Well, the company already has a HD7750 SKU filling the shelves of online retailers, but this one is just a bit different. Does anyone remember when I posted about a factory prototype HD7830-esque card that was accidentally dropped in the lap of Tom’s Hardware’s lab? That one was a torn-down HD7850 that had a few stream processors disabled and boasted lower power requirements and possibly a lower TDP. It looks like AMD is considering offering extra SKUs to give gamers more options with the coming war with Kepler-based cards.

The “new” HD7750 raises the clock speed and ups the ante with the inclusion of a PCI-Express 6-pin power connector. The original HD7750 was already a good bargain for those looking for something to counter the Geforce GT540 or the newly-released OEM-only GT640. While we’ll never see the GK107-based GT640 on our shelves, the GT650 (unreleased as yet) might be the reason for this new revision. 

Two things need to be taken away here, though. There’s no way of differentiating between the two SKUs – the regular HD7750 and the new one – by just looking at their names. Obviously third-party manufacturers might change their SKU name to reflect the difference, but there’s no way to tell just be the name or the branding that’ll be on the box. But there is one reliable way – clock speed. The original HD7750 shipped as the most powerful graphics card that didn’t require extra power connectors and is the best 75w sub-R1200 card you could buy today. And it has a clock speed set at 800Mhz.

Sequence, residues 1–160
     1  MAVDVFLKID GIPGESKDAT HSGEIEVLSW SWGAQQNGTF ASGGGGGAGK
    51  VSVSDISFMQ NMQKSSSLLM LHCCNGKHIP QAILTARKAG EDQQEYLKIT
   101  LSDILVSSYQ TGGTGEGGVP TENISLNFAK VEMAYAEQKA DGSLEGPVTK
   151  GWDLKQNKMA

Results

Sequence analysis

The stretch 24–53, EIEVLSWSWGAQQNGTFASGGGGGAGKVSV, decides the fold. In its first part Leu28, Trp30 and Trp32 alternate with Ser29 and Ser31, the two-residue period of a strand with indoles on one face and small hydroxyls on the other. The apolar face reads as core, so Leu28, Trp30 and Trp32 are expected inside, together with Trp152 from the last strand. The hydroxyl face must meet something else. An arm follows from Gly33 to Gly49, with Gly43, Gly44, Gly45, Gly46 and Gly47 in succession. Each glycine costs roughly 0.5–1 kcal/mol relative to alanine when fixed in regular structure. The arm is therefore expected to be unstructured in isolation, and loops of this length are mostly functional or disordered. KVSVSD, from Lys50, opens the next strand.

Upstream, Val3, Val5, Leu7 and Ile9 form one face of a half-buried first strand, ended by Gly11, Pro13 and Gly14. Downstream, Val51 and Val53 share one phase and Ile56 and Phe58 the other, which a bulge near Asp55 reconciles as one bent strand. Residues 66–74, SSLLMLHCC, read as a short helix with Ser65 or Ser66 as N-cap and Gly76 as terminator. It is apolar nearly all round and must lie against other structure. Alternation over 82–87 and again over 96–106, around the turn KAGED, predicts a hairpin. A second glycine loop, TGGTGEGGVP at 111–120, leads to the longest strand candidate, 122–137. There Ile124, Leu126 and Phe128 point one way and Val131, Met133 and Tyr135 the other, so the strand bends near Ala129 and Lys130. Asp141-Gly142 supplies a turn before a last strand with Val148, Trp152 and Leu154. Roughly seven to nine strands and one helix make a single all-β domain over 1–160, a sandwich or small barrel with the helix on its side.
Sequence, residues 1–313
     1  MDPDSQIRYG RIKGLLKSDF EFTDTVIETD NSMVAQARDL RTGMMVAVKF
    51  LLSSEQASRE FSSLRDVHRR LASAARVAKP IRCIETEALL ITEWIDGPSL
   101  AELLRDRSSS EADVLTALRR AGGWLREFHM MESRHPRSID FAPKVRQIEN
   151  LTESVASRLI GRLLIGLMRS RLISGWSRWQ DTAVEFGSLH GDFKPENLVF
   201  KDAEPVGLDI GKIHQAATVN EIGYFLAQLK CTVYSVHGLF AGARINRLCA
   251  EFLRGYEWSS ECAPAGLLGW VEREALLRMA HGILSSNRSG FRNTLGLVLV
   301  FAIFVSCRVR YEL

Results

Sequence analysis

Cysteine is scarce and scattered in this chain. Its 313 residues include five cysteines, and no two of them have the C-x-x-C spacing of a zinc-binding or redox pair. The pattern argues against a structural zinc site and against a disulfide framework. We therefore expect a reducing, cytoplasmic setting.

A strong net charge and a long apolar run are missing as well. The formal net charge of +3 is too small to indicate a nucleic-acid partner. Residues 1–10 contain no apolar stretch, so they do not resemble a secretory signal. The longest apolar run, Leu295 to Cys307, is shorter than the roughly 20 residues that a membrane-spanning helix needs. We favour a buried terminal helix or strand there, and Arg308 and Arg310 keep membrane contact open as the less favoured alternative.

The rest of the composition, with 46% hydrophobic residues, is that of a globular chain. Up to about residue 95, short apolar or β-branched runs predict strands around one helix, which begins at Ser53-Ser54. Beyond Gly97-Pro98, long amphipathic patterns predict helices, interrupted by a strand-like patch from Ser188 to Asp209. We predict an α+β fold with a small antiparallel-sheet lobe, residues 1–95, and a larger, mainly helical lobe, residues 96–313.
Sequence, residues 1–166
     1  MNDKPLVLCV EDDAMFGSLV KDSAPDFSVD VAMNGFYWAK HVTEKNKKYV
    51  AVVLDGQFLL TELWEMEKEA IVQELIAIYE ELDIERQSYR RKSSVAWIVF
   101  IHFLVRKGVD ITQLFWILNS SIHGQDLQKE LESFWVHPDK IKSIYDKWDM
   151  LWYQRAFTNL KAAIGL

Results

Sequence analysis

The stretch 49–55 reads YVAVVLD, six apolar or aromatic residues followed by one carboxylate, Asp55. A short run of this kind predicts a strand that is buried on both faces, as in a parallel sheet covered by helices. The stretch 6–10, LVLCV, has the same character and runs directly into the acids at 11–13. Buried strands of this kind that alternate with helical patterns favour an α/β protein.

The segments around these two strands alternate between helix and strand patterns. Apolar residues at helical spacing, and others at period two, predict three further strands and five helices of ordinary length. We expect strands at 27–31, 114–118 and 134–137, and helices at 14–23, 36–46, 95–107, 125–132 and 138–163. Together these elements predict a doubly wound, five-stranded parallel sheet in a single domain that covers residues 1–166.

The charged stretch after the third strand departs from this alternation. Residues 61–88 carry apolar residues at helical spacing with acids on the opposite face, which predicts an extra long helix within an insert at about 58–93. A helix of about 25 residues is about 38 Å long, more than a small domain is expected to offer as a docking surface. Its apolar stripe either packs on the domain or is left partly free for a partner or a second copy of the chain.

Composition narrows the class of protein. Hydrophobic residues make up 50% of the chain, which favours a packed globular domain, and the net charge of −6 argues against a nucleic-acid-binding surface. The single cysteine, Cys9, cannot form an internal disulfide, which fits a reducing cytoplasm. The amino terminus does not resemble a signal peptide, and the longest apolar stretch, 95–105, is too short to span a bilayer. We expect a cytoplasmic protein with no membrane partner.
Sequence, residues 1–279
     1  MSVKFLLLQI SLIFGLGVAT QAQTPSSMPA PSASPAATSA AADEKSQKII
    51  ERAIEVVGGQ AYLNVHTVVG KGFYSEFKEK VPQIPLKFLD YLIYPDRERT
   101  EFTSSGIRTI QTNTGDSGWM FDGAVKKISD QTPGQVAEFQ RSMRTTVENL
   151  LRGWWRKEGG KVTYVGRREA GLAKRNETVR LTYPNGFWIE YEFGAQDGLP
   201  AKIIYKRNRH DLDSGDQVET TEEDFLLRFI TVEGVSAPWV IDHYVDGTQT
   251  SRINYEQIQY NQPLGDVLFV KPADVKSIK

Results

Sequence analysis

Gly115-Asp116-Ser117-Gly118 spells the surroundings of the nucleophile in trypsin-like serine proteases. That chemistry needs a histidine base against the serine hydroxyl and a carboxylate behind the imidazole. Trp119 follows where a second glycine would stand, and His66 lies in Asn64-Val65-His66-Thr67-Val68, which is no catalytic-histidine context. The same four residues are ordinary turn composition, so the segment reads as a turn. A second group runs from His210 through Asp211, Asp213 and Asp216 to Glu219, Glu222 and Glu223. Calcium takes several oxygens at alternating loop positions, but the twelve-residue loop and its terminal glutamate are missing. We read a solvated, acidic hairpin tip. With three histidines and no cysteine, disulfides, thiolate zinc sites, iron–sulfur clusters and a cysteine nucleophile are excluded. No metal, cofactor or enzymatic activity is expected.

In addition to the extra speed and the extra power, the card now boasts a 83w TDP. It can be overclocked further this time thanks to the extra power connector and it’ll still fit in nicely with a decent 400w power supply. Even a 80 Plus 350w unit will be a perfect fit here. The PCB length only increases by 3cm and still fits inside many ITX chassis as a result. This card wouldn’t be out of place in a HTPC as a low-cost Blu-Ray decoding solution as well as a fit for medium-settings 720p gaming.

While general availability hasn’t been mentioned but there are revisions of the card already in the market. This SKU was only discovered last week when Newegg customers spotted the new PCB and asked if there was an error as it looked more like a Radeon HD7770. If you’re looking for low-cost gaming, look no further than the HD7750 in its 900Mhz form. If you’re on a older PSU that lacks the connector, you could just use a Molex-to-PCI-E connector as the card positively sips power.

On the bright side (this whole thing is a bright side) at least its not a Geforce 9600GSO!

Source: Anandtech

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